Young people from religious families entered the Army as observant and very frequently emerged as non-religious. Nowadays things have changed in some ways but the previous mentality often still prevails.
The really Ultra-Orthodox (as distinct from the National Religious) usually do not serve in the Army for several reasons.  There are however exceptions and their numbers are growing. The majority of Ultra-Orthodox however do not serve and probably never will.

[The Ultra-Orthodox do however contribute to the nation in other ways, and in some respects this is even more of value.]

The left-wing Media and public personalities frequently attack the Ultra-Orthodox  for not serving.
Sometimes army spokesmen and leaders join in these attacks.
It is however on record that IDF officers when asked by official government committees (e.g. The Tal Commission) what should be done about it have answered that they do not want the Ultra-Orthodox serving. They would know what to  with them.  I have heard a Government official admit as much on a Knesset Broadcast interview.

At present more than 40% of all potential inductees (religious and non-religious) receive a deferment. The IDF has too many soldiers for its needs, or so it thinks.
Attacks on the Ultra-Orthodox by the media and by politicians often seem to be deliberate attempts to distract the public from the real problems that Israeli society is plagued with.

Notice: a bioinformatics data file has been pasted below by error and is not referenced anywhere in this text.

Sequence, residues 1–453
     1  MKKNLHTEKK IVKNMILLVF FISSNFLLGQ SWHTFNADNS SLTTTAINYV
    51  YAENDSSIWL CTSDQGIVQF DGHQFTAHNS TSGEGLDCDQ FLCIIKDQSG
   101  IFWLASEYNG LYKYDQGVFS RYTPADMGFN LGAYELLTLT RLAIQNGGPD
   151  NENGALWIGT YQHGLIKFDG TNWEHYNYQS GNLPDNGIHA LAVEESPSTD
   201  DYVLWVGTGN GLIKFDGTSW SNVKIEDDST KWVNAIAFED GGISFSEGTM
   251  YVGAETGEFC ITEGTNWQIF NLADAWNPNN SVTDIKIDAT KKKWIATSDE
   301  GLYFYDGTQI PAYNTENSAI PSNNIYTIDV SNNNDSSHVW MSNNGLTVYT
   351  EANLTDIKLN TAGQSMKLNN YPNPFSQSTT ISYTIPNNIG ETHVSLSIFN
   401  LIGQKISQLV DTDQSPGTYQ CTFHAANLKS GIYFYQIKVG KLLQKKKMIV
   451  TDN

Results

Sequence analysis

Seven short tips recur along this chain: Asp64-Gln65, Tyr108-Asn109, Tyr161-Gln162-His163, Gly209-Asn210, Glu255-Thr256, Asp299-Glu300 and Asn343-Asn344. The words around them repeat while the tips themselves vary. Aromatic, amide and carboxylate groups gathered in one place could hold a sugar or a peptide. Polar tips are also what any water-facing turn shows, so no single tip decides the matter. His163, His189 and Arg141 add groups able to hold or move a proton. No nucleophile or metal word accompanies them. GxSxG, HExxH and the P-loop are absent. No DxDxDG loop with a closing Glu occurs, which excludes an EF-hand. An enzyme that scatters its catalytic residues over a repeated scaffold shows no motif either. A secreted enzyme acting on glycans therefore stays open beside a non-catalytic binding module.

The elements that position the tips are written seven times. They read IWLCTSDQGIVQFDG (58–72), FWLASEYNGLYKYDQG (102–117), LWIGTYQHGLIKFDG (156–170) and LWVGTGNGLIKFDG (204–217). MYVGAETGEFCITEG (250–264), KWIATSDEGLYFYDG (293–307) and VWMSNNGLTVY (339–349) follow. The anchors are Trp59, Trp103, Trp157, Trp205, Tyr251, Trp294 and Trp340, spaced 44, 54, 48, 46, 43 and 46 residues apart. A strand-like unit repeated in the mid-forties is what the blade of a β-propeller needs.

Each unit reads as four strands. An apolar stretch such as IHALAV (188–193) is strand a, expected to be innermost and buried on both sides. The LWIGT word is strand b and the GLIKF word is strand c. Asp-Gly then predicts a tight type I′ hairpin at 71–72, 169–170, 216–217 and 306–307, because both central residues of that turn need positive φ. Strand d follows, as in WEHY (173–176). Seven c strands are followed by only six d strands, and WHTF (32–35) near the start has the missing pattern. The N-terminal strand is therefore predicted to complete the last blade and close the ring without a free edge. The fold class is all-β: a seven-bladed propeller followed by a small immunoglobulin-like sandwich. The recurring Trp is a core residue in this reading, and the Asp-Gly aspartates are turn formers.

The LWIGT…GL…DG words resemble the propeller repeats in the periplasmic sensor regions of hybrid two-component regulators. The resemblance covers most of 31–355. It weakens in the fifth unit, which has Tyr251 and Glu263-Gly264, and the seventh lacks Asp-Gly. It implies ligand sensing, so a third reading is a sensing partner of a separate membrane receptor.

The Ultra-Orthodox have taken the place of the scape-goat that Jews in the Daispora used to fulfil. They are blamed for the social problems and the offences that others are responsible for.
They are used to distract attention from the real culprits.

Back to the girls choir:
This walk-out by a few soldiers whether justified or not should have been considered a small matter. Worse things happen every day.  No-one needed to know about it.
The Media however made a circus of it.
The Leader of the Israeli Parliamentary Opposition, Tspi Livni, and other female MKs (Members of the Knesset) spoke about it at length and with great vociferation in the Knesset and elsewhere. Even the US Secretary of State, Hillary Clinton, referred to it and used it as yet another excuse to attack Israel.